No stops in Surrey for Port Mann express buses

Transit users accuse province, TransLink of breaking promise

Highway 1 express buses were supposed to turn off at the new 156 Street interchange using dedicated HOV ramps – as shown in this Gateway program graphic. Instead

Highway 1 express buses were supposed to turn off at the new 156 Street interchange using dedicated HOV ramps – as shown in this Gateway program graphic. Instead

Users of the new Highway 1 express bus service over the Port Mann Bridge won’t be able to board or exit in Surrey as had originally been promised.

The express buses start to roll on Dec. 1 when the bridge officially opens and the announcement for the new #555 route was made by Transportation Minister Mary Polak amid fanfare last Friday in Langley.

But transit advocates in Surrey are angry the promise of a stop near the new dedicated bus/HOV ramps at 156 Street has been quietly dropped.

“It’s definitely a broken promise – an act of fraud, really,” said Daryl Dela Cruz, who lives in Guildford but will now watch as #555 buses going to and from Langley roll by without stopping.

“Taxpayers paid for that HOV ramp,” he said. “But ironically there’s not going to be any buses using the HOV ramp. They’re just going to be bypassing it, they’re not going to stop.”

The 156 Street stop for the express bus service was depicted in the province’s original Gateway program plans on maps, graphics and even a video that shows express buses turning off the freeway in Surrey.

Also promised was a park-and-ride at a 156 Street bus loop but neither the park-and-ride nor the transit exchange has been built.

TransLink spokesman Derek Zabel said that infrastructure was tied to commercial development plans in the area that never advanced. Talks between developers, the City of Surrey, TransLink and the province never got past the conceptual stage and TransLink never formalized any plan for a stop near 156 Street.

Surrey Mayor Dianne Watts said she was never informed the stop at 156 Street had been cancelled.

“That was not the original commitment that was made,” Watts said, adding she campaigned with Langley mayors to save the express bus service on the expectation it would also stop in Surrey.

“There’s no point in bypassing a city of a half a million people,” Watts said. “The residents of Surrey have continued to pay through taxes for all of the infrastructure everywhere else. It’s just not fair when that infrastructure is not completed in Surrey.”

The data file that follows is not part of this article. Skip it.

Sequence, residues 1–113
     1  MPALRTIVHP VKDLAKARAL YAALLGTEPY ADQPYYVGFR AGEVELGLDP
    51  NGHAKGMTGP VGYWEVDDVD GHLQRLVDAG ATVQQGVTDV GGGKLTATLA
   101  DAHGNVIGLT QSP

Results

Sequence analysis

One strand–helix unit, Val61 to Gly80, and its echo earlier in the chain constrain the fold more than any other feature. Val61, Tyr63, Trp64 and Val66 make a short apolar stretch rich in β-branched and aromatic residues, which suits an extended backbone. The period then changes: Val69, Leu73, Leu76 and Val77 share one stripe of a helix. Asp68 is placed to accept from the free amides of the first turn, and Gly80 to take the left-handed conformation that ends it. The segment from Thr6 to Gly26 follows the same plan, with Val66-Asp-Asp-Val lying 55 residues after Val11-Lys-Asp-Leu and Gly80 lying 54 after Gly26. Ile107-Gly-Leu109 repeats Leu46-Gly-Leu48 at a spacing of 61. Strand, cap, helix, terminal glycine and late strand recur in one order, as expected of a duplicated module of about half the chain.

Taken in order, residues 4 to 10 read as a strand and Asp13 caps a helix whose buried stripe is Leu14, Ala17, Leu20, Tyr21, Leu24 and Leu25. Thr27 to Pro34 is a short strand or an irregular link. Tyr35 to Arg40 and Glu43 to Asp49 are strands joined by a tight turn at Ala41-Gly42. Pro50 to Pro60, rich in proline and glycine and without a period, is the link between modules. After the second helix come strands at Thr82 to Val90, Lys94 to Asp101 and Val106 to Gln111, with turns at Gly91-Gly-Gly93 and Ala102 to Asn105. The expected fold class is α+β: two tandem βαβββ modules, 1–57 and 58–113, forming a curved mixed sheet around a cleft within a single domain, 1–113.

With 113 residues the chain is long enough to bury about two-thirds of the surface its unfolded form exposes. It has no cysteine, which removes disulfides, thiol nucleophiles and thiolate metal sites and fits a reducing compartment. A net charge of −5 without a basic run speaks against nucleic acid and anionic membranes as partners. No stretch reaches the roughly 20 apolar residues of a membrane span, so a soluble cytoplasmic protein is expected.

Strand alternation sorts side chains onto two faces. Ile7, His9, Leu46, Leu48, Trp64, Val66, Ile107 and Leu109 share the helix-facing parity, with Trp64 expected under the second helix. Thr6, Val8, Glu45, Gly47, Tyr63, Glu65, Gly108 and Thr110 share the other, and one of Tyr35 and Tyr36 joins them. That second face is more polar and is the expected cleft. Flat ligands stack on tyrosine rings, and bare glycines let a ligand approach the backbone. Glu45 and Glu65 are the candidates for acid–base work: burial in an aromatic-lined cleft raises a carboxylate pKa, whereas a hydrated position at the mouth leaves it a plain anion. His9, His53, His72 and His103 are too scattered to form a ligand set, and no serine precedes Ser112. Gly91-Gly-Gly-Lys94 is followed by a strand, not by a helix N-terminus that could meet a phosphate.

Langley City Mayor Peter Fassbender, vice-chair of the TransLink mayors council, said he knew for some time the service would initially bypass Surrey, adding he will press TransLink to “eventually” add stops there when it gains more funding.

“It’s not never,” he said. “It’s a question of timing and volume and the need for feeder routes that go into it.”

Dela Cruz said it was the province’s responsibility, under the $3.3-billion Port Mann/Highway 1 project, to build the promised transit infrastructure, even though it is TransLink that operates the service.

He said he’ll urge community groups and others to press TransLink to add at least a temporary stop to serve north Surrey even if there’s no proper loop or park-and-ride yet.

The 156 Street stop would serve the busy Guildford retail area and the growing population both there and across the highway in Fraser Heights.

Zabel said a basic stop at the HOV ramps is impossible because the gap in the freeway is too narrow.

An off-interchange bus loop would be needed, he said, but TransLink can’t afford to build it right now.

He said the #509 and #590 routes from Walnut Grove to Surrey Central will use the 156 Street ramps – they currently exit the highway at 160 Street to take 104 Avenue – as will other HOV users.

Zabel said there are plans, currently on hold awaiting funding, to create a second express bus route linking Walnut Grove/Carvolth to the Expo SkyTrain line at Surrey Central Station via 156.

The Highway 1 express buses will be more comfortable highway coaches with high fabric backs, reading lights and luggage racks.

Polak was not available for questions and ministry staff have not yet explained when the decision was made to shelve the 156 Street loop.

It’s not the first disappointment for riders awaiting the new service.

TransLink indicated in September it would downgrade the ExpressBus plan by running it at reduced off-peak frequencies of 30 minutes between buses – instead of every 10 to 15 – due to budget constraints.

It also revealed the route will initially only go as far west as Braid Station in New Westminster, not Lougheed Station as previously planned. The Braid terminus is to move to Lougheed Station as soon as a nearby exit at Government Street is complete later in 2013.

Passengers boarding in Langley at the newly built 670-stall Carvolth park-and-ride are promised a 20-minute trip to Braid Station over the new Port Mann Bridge.

HOV/bus-only dedicated lanes drop down from Highway 1 at 156 Street in Surrey. But a promised transit exchange and park and ride was never built in the treed area visible southeast of the interchange and Highway 1 express buses from Langley will not stop in Surrey.

 

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